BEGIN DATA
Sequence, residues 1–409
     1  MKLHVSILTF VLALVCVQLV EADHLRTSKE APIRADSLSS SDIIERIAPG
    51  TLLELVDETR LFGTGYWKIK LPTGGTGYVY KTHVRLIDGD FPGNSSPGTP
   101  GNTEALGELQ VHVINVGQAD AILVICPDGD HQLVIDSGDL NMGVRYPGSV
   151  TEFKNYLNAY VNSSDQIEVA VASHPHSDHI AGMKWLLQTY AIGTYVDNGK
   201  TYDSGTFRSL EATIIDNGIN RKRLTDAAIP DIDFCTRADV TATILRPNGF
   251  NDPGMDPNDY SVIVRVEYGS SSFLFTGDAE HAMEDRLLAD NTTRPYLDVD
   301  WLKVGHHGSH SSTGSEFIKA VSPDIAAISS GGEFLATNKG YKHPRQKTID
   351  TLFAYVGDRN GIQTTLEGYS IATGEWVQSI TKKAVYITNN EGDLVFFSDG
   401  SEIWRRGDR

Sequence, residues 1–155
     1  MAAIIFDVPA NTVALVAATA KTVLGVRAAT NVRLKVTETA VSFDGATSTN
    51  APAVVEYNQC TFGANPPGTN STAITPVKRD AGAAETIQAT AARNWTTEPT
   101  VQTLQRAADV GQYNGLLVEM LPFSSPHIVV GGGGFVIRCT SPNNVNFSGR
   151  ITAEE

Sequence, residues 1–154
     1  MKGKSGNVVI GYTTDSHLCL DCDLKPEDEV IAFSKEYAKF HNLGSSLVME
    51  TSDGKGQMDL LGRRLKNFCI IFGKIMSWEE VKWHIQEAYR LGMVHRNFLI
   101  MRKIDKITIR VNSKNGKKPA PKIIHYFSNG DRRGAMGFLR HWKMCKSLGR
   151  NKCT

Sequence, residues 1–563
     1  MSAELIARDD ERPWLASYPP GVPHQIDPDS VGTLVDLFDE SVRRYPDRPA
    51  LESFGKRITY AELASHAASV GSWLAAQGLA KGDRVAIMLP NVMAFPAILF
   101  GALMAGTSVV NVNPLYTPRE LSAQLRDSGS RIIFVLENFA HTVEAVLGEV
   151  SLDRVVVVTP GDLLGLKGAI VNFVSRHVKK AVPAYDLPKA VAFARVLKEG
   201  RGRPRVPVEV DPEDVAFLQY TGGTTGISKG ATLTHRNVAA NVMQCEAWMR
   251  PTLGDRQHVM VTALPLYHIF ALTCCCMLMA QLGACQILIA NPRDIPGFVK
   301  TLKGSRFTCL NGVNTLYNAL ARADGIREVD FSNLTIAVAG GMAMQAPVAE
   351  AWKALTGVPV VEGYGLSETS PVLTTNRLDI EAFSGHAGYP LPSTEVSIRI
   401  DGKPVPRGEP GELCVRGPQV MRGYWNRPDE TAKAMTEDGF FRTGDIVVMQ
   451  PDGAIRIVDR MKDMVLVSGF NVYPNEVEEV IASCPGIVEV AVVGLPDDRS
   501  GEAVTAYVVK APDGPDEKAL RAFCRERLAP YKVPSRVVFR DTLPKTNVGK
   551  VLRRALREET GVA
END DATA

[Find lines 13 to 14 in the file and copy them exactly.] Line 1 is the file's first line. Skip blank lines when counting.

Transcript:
    51  APAVVEYNQC TFGANPPGTN STAITPVKRD AGAAETIQAT AARNWTTEPT
   101  VQTLQRAADV GQYNGLLVEM LPFSSPHIVV GGGGFVIRCT SPNNVNFSGR